Anne-Marie Fortier
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The world of citizenisation
Life in the waiting room
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Chapter 1 has two aims. First, to situate citizenisation policies within the broader European context where they have become ‘common sense’, and second to introduce theoretical underpinnings and heuristic devices supporting this book. The chapter argues that studying the ‘social life’ of citizenisation forces a reconsideration of the relationship between integration and naturalisation by asking a deceptively simple question: what is naturalised in citizenisation? The chapter then develops a conjunctural analysis of converging trends of neoliberal governance that retool citizenship through its skillification, securitisation and renewed domestication, and argues that citizenisation – and by extension migratisation – is a social intervention that reaches far beyond those that it targets – migrants – and reaches into the fabric of society as a whole. The chapter also introduces ‘the waiting room’ as a heuristic device that foregrounds three axes of citizenisation: temporality – how citizenship takes time; spatiality – how citizenship takes place; and affect/bodies – how citizenship takes hold. The device of the waiting room captures the interplay between, on the one hand, the structural and institutional conditions that bring people to the waiting room – as language teachers, registrars, ceremony officials or migrants – and on the other hand, how people inhabit these governing practices.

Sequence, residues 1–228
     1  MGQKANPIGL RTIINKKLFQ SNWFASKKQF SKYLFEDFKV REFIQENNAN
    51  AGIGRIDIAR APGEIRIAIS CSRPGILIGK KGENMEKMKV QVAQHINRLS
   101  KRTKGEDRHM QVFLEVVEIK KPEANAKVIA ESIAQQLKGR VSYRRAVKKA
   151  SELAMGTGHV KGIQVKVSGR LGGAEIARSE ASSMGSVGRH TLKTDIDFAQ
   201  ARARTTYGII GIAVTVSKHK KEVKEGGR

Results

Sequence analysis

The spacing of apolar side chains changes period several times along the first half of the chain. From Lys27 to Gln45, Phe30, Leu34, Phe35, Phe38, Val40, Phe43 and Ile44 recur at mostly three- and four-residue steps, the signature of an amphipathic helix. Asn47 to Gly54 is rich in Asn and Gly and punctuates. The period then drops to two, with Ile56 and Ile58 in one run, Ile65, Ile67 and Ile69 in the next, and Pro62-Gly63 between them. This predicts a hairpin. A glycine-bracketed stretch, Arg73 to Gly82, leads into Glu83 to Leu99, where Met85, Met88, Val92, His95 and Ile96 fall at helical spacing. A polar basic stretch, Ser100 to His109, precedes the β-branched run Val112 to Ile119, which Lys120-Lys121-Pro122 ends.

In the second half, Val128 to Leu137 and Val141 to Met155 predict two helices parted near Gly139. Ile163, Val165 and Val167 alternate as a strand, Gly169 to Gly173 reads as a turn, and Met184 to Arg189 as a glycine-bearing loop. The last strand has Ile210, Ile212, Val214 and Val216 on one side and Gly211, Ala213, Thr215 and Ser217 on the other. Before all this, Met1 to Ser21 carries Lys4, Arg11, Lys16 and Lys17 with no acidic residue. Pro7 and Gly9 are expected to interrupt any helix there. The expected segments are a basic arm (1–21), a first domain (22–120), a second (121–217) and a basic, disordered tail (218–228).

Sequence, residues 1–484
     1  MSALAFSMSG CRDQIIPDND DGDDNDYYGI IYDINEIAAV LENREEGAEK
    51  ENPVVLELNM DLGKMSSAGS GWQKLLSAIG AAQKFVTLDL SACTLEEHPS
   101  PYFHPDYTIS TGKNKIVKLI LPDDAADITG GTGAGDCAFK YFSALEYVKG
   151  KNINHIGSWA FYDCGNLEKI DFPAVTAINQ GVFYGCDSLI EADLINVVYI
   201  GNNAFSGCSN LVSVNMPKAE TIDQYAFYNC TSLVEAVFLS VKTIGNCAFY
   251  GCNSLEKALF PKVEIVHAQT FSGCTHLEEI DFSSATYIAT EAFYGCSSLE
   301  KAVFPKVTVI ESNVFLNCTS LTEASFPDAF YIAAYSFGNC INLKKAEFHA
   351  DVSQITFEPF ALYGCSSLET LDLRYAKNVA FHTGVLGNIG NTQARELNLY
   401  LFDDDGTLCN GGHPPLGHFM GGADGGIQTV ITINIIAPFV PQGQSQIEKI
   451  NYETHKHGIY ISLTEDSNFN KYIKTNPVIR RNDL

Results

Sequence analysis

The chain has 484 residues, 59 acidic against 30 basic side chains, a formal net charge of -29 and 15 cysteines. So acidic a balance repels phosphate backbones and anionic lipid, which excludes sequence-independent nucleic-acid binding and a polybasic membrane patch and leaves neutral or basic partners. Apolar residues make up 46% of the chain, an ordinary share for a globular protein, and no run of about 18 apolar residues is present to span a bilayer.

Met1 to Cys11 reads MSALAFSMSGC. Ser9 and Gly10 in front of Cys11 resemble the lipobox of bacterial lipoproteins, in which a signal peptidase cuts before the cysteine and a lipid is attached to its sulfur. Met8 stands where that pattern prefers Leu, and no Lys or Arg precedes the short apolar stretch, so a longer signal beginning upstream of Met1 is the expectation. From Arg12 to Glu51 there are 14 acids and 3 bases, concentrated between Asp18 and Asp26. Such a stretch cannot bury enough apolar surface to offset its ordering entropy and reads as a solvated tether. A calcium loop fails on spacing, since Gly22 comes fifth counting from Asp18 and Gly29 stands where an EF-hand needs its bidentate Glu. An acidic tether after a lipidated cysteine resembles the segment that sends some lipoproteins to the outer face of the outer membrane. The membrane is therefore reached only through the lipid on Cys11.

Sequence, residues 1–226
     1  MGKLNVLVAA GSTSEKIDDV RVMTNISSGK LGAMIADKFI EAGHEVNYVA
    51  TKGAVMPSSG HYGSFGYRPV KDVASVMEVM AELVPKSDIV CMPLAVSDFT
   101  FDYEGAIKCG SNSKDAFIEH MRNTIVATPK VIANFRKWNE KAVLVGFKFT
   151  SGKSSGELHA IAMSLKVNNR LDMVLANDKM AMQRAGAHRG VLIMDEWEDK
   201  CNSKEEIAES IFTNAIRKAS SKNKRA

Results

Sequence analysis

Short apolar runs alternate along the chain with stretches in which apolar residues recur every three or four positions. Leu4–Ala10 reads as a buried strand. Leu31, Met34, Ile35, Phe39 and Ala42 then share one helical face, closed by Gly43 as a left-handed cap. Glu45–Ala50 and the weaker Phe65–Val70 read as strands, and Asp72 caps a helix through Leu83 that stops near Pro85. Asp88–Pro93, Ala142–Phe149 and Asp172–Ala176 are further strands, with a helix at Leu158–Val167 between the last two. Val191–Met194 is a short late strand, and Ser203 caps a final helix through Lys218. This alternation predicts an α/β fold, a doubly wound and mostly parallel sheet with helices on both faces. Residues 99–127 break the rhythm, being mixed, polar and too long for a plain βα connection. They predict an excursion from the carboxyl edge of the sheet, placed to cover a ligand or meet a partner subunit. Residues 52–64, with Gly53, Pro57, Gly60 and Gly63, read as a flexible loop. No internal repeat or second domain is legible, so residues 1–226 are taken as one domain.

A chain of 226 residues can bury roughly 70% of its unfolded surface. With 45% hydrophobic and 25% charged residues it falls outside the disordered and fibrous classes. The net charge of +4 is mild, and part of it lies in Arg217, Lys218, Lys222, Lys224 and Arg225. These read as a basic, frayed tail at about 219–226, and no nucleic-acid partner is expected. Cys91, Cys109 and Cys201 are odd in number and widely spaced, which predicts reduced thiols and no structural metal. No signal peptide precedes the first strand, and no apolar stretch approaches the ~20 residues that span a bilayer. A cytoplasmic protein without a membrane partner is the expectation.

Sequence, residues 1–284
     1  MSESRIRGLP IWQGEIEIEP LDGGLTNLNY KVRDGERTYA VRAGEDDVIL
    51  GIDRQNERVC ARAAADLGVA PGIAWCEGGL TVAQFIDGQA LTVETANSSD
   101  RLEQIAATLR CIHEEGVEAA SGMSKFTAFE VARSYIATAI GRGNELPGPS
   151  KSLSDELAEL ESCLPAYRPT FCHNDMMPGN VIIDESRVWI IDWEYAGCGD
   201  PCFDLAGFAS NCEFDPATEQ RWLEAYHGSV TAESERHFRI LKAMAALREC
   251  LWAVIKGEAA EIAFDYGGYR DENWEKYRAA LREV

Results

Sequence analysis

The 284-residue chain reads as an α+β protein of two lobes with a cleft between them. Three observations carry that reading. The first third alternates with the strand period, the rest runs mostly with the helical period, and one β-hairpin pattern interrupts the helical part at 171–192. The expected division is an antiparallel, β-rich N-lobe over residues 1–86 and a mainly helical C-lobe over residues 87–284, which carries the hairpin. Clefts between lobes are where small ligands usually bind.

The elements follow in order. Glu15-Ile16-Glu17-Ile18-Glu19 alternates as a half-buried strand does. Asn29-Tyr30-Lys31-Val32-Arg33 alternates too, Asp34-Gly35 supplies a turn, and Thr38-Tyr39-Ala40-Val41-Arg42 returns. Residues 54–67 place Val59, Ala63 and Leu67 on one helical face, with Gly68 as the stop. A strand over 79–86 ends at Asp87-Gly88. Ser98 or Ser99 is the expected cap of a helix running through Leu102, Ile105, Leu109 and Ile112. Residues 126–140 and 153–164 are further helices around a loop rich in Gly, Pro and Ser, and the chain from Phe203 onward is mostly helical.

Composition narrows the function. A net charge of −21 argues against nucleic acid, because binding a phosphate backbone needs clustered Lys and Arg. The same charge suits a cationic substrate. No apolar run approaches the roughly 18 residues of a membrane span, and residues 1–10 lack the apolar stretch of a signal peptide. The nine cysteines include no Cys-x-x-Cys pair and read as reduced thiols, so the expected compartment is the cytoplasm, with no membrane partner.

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Uncertain citizenship

Life in the waiting room


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